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Hope College August 2013 : Page 10

Campus Profile Cultural on the By Chris Lewis ’09 Immersion Led by Nancy Cook, professor of education and director of student teaching, Madeline Kukla, director of national accreditation and specialty programs, and John Yelding, associate professor of secondary education, the students were participating in “Hope Comes to Watts,” a May Term course founded to immerse students in the challenges, needs, and rewards of working with children in a culturally diverse setting. “As Madeline, John, and I developed the course, we were focused on providing students an intensive opportunity to become immersed in an urban school setting, in which they discover their Christian callings and identify issues of social justice,” Professor Cook said. “We also wanted students to have a rudimentary understanding of the issues and conditions brought on by poverty and how they manifest in the school setting.” The Watts Learning Center was founded in 1997 by Sandra and Gene Fisher. Active members of the Reformed Church in America, they initially connected with Hope through the encouragement of Dr. Darell Schregardus ’63, a member of the center’s Board of Directors, who formerly served the college as the director of counseling and assistant dean for health and counseling. Although the May Term is offered through the department of education, the program was designed with multiple majors in mind, and this year’s participants included not only education majors, but communication, psychology and social work majors as well. “As a pre-service teacher in secondary education, I’ve been trying to line up as many pedagogy-related opportunities as possible,” said Josh Roth, a senior English-West Coast education major from Guadalajara, Mexico. “I believed the May Term would allow me to work with students who are often left without opportunities to acquire a decent education, helping to launch me into my teaching career.” “I was born and raised in the inner-city and knew I wanted to work with inner-city children through social work,” said Jackie Herrera, a junior social work major from Berwyn, Ill. “This May Term offered me an opportunity to practice what I have learned at Hope thus far.” Some students job-shadowed teachers and principals, taught as substitute teachers, developed lesson plans, and worked with students in small groups, while others worked in offices, developed websites, edited publication materials, provided IT support, conferred with parents, and participated in after-school programs. “I taught a number of lessons to my sixth grade students,” Roth said. “My education went further than that though, as I also discussed which students needed support and debriefed how lessons went, as I communicated with my mentor teacher.” As time passed, it became clear that the Hope students were giving as well as receiving. “It was particularly pleasurable to watch relationships grow,” Professor Cook said. “Their intentional efforts to build relationships had I n early May, 11 Hope students flew to South Los Angeles to dedicate three weeks of service to the Watts Learning Center, two award-winning charter schools that provide education to approximately 625 K-8 at-risk children. Junior Jackie Herrera affirms a student participating in the center’s after-school program. (Photo courtesy of Nancy Cook) 10 News News From From Hope Hope College College

Cultural Immersion on the West Coast

Chris Lewis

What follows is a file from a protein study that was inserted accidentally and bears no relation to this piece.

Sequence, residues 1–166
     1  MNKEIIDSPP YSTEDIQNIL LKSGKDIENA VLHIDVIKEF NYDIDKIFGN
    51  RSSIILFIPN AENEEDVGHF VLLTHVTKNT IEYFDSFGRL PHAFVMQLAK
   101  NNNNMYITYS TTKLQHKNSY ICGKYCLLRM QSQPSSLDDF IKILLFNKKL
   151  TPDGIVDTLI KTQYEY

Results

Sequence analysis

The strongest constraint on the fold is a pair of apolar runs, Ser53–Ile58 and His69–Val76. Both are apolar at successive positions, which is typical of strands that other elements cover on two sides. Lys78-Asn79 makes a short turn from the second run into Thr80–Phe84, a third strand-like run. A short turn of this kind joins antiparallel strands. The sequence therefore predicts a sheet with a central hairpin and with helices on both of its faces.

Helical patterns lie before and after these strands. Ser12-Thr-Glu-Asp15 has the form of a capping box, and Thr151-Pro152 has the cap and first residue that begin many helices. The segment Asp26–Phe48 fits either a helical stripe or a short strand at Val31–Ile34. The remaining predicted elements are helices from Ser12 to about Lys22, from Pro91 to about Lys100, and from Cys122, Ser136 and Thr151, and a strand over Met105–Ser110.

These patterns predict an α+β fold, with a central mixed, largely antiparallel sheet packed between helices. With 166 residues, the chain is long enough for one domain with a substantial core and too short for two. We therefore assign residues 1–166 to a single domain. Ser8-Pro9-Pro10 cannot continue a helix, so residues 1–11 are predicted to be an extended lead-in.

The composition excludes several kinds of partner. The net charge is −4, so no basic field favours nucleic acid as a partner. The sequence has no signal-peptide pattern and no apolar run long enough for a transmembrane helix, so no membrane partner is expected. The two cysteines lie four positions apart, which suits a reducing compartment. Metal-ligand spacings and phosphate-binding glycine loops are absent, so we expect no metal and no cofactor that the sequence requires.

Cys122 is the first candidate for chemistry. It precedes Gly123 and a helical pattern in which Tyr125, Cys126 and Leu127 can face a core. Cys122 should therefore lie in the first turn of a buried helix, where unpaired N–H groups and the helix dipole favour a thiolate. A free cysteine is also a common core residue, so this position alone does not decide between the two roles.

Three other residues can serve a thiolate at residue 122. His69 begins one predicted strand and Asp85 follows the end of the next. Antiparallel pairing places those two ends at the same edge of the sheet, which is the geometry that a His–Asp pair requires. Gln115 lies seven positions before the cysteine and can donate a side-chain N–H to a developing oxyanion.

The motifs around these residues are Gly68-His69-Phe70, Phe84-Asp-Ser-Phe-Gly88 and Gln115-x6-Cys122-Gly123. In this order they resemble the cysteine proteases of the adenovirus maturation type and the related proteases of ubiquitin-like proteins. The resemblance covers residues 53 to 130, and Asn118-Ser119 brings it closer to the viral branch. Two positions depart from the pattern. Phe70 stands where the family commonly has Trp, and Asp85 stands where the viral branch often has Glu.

<br /> In early May, 11 Hope students flew to South Los Angeles to dedicate three weeks of service to the Watts Learning Center, two award-winning charter schools that provide education to approximately 625 K-8 at-risk children.<br /> <br /> Led by Nancy Cook, professor of education and director of student teaching, Madeline Kukla, director of national accreditation and specialty programs, and John Yelding, associate professor of secondary education, the students were participating in “Hope Comes to Watts,” a May Term course founded to immerse students in the challenges, needs, and rewards of working with children in a culturally diverse setting.<br /> <br /> “As Madeline, John, and I developed the course, we were focused on providing students an intensive opportunity to become immersed in an urban school setting, in which they discover their Christian callings and identify issue s of social justice,” Professor Cook said. “We also wanted students to have a rudimentary understanding of the issues and conditions brought on by poverty and how they manifest in the school setting.”<br /> <br /> The Watts Learning Center was founded in 1997 by Sandra and Gene Fisher. Active members of the Reformed Church in America, they initially connected with Hope through the encouragement of Dr. Darell Schregardus ’63, a member of the center’s Board of Directors, who formerly served the college as the director of counseling and assistant dean for health and counseling.<br /> <br /> Although the May Term is offered through the department of education, the program was designed with multiple majors in mind, and this year’s participants included not only education major s, but communication, psychology and social work majors as well.<br /> <br /> “As a pre-service teacher in secondary education, I’ve been trying to line up as many pedagogy-related opportunities as possible,” said Josh Roth, a senior English-education major from Guadalajara, Mexico. “I believed the May Term would allow me to work with students who are often left without opportunities to acquire a decent education, helping to launch me into my teaching career.”<br /> <br /> “I was born and raised in the inner-city and knew I wanted to work with inner-city children through social work,” said Jackie Herrera, a junior social work major from Berwyn, Ill. “This May Term offered me an opportunity to practice what I have learned at Hope thus far.”<br /> <br /> Some students job-shadowed teachers and principals, taught as substitute teachers, developed lesson plans, and worked with students in small groups, while others worked in offices, developed websites, edited publication materials, provided IT support, conferred with parents, and participated in after-school programs.<br /> <br /> “I taught a number of lessons to my sixth grade students,” Roth said. “My education went further than that though, as I also dis cussed which students needed support and debriefed how lessons went, as I communicated with my mentor teacher.”<br /> <br /> As time passed, it became clear that the Hope students were giving as well as receiving.<br /> <br /> “It was particularly pleasurable to watch relationships grow,” Professor Cook said. “Their intentional efforts to build relationships had tangible payoffs, even in the short time we were at Watts, as students’ parents even commented on the impact Hope students had on their children.”<br /> <br /> Meaningful relationships also developed amongst Hope students and Watts teachers and staff, as students offered suggestions for teaching and learning, from learning stations for middle school math students, to game formats that addressed divergent learning objectives.<br /> <br /> “A number of Watts students thrived with the individualized attention that Hope students provided, as they presented unique, engaging lessons that ‘hooked’ students into learning new content,” Professor Cook said.<br /> <br /> The Hope students also learned how to communicate with students as they encountered adversity, both within and outside of the classroom, from financial issues to family illnesses and untimely deaths. Such situations taught students how to react and support children in all types of instances, so that they can enjoy a comfortable learning environment in spite of whichever personal issues they are facing.<br /> <br /> For some students, these encounters were far different than any other circumstances they had witnessed before. For others, the introduction to differences continued outside of Watts as well, as students also took time to visit nearby areas like Little Tokyo, El Pueblo, and Hollywood.<br /> <br /> “The May Term was clearly inner-city and highly diverse, as it exposed students to cultural experiences most had never had before,” Professor Yelding said.<br /> <br /> This cultural immersion profoundly affected many students, as they saw the effects of students’ poverty firsthand, as well as the wide array of cultural, social, and economic backgrounds that are evident throughout Los Angeles.<br /> <br /> “All students entered the May Term experience with a heart for issues of social justice and a desire to work with individuals from diverse backgrounds,” Professor Cook said. “Each left the experience feeling affirmed in their previous choices, with a greater respect for diversity and individual right s.”<br /> <br /> “I now realize what I want to do after college, as working with younger children in an inner-city environment is very rewarding,” Herrera said.<br /> <br /> Although some students, like Herrera, confirmed their interest in teaching or working in settings similar to Watts, others were affected by the intense personal relationships they developed with Watts students. And, of course, all students left California with a deeper understanding the possibilities and challenges that inner-city school professionals witness every day.<br /> <br /> “This experience strongly confirmed my calling to be an educator. I saw the overwhelming need for not only good teachers, but also good administrators and staff,” Roth said. “Schools are the training grounds for good citizens and, if we don’t invest deeply in our students, none of our problems in society will get smaller.”<br /> <br /> Looking back, the Hope faculty and staff, along with Watts’ founders, are pleased by the impact that the May Term had on students.<br /> <br /> “It’s something we think our students can build on for the rest of their lives,” Professor Yelding said. “This term really influenced some students’ sense of career choices and calling.”<br /> <br /> “Hope students learned firsthand the importance and reality of the cultural life of inner city families in large urban communities — and how this reality changes educational practices to meet the demand,” Sandra Fisher said. “Real human bonding between culturally different communities took place, as they found more alike than differences in their humanness.”<br /> <br /> As a result, “Hope Comes to Watts” appears to have been the beginning of a long-standing relationship between the college and the Watts Learning Center.<br /> <br /> “Our plan is t o continue our relationship with Hope, as both schools benefitted greatly from the first year program,” Fisher said. “We hope the relationship will be more like a marriage than a courtship.”<br /> <br /> “All students entered the May Term experience with a heart for issues of social justice and a desire to work with individuals from diverse backgrounds. Each left the experience feeling affirmed in their previous choices, with a greater respect for diversity and individual rights.”<br /> — Nancy Cook, professor of education and director of student teaching